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Genesis 3

3
Expulsion from Eden. 1Now the snake was the most cunning#Cunning: there is a play on the words for “naked” (2:25) and “cunning/wise” (Heb. ‘arum). The couple seek to be “wise” but end up knowing that they are “naked.” of all the wild animals that the Lord God had made. He asked the woman, “Did God really say, ‘You shall not eat from any of the trees in the garden’?” 2The woman answered the snake: “We may eat of the fruit of the trees in the garden; 3#Gn 2:17; Rom 6:23. it is only about the fruit of the tree in the middle of the garden that God said, ‘You shall not eat it or even touch it, or else you will die.’” 4But the snake said to the woman: “You certainly will not die!#Wis 2:24; Sir 25:14; Is 14:14; Jn 8:44; 2 Cor 11:3. 5God knows well that when you eat of it your eyes will be opened and you will be like gods, who know#Like gods, who know: or “like God who knows.” good and evil.” 6The woman saw that the tree was good for food and pleasing to the eyes, and the tree was desirable for gaining wisdom. So she took some of its fruit and ate it; and she also gave some to her husband, who was with her, and he ate it.#Gn 3:22; 1 Tm 2:14. 7Then the eyes of both of them were opened, and they knew that they were naked; so they sewed fig leaves together and made loincloths for themselves.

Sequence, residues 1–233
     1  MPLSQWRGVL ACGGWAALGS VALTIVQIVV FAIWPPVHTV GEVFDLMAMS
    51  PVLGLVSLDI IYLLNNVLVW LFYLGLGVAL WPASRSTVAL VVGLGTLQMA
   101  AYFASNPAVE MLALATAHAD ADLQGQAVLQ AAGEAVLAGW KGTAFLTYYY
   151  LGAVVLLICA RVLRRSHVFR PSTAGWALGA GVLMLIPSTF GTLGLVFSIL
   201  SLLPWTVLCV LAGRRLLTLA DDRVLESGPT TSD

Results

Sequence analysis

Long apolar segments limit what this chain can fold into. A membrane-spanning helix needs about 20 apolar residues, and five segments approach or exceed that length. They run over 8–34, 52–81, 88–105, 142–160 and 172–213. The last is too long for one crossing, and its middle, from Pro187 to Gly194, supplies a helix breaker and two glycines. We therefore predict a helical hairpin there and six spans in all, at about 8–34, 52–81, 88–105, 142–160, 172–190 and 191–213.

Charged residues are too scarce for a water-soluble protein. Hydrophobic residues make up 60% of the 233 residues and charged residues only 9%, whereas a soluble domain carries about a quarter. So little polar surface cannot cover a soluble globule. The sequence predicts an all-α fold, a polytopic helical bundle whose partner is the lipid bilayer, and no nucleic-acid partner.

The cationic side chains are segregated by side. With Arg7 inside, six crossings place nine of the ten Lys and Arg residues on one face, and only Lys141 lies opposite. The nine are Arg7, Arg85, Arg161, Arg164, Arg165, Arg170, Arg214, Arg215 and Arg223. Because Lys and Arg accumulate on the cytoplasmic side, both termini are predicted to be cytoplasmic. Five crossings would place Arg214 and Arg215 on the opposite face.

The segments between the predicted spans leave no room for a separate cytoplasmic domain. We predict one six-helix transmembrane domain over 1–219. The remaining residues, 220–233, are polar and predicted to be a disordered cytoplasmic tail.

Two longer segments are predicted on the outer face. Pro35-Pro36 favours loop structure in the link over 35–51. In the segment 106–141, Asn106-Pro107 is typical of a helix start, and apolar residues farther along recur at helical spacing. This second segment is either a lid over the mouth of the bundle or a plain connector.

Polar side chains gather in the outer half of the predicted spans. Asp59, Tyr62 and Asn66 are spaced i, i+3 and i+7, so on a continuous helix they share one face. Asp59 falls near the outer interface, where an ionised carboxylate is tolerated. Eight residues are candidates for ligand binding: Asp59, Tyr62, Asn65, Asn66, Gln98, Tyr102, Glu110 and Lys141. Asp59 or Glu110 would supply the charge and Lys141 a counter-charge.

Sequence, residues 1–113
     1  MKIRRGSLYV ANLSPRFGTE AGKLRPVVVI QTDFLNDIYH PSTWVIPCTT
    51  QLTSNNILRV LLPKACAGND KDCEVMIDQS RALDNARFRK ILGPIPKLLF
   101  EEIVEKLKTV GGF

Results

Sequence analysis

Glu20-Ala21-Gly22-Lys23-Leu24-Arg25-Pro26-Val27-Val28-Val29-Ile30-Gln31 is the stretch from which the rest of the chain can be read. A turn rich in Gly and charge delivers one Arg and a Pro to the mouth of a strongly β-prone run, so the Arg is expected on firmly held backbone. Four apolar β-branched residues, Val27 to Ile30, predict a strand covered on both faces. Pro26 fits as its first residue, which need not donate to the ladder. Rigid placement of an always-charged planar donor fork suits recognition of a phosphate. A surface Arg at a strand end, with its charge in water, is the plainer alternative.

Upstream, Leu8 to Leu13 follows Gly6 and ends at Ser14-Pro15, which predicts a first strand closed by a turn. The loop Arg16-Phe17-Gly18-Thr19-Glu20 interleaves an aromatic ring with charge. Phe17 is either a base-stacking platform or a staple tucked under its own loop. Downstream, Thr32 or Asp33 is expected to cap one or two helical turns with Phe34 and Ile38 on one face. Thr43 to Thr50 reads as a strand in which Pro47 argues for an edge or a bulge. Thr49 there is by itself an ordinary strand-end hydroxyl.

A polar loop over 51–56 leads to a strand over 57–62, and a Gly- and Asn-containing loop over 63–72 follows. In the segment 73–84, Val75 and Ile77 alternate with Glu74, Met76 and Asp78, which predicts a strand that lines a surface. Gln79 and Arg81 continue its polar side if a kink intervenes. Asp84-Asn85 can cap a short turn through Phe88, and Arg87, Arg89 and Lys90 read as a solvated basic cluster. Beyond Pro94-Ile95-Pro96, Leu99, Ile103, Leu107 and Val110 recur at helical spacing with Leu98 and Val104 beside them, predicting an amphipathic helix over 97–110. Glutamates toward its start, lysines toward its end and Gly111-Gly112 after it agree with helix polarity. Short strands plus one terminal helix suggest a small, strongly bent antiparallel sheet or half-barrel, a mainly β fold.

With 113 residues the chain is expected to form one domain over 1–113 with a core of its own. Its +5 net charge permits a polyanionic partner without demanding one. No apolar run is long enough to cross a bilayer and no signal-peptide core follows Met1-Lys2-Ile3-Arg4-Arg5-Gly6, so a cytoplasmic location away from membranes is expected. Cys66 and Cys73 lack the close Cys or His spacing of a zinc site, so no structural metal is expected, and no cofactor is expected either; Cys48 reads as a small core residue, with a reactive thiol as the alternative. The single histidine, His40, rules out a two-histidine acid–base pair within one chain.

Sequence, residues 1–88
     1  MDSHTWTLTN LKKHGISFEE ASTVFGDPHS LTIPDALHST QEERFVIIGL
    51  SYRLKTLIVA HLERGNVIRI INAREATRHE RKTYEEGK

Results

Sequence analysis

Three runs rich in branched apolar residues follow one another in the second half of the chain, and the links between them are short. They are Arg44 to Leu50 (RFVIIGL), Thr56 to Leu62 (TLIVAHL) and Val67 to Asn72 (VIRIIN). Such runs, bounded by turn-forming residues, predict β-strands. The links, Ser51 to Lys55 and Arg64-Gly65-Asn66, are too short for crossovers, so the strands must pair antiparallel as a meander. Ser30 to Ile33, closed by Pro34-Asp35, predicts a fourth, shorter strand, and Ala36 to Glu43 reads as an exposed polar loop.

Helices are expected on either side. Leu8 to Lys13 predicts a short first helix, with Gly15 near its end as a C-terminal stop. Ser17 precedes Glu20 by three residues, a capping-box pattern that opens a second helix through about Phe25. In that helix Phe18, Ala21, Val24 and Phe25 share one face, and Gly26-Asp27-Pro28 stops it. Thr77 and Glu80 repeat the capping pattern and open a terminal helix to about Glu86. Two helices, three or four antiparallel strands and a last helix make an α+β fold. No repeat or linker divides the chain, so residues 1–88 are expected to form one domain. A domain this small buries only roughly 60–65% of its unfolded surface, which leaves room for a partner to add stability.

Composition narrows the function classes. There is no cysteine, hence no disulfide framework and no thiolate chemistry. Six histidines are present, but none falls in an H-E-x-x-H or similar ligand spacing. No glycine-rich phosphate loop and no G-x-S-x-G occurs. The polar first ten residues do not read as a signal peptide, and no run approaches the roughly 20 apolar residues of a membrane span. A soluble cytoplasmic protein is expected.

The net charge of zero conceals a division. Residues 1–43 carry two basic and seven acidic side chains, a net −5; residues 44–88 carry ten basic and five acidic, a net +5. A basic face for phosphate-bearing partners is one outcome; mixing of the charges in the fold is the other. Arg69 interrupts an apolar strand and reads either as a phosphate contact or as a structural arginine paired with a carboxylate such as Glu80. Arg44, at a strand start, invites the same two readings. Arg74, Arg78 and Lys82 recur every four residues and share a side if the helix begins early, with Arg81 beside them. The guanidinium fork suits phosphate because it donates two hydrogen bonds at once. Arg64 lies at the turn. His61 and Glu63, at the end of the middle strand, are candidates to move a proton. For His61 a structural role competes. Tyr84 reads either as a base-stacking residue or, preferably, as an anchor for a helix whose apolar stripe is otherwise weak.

8When they heard the sound of the Lord God walking about in the garden at the breezy time of the day,#The breezy time of the day: lit., “the wind of the day.” Probably shortly before sunset. the man and his wife hid themselves from the Lord God among the trees of the garden.#Jer 23:24. 9The Lord God then called to the man and asked him: Where are you? 10He answered, “I heard you in the garden; but I was afraid, because I was naked, so I hid.” 11Then God asked: Who told you that you were naked? Have you eaten from the tree of which I had forbidden you to eat? 12The man replied, “The woman whom you put here with me—she gave me fruit from the tree, so I ate it.” 13The Lord God then asked the woman: What is this you have done? The woman answered, “The snake tricked me, so I ate it.”#2 Cor 11:3.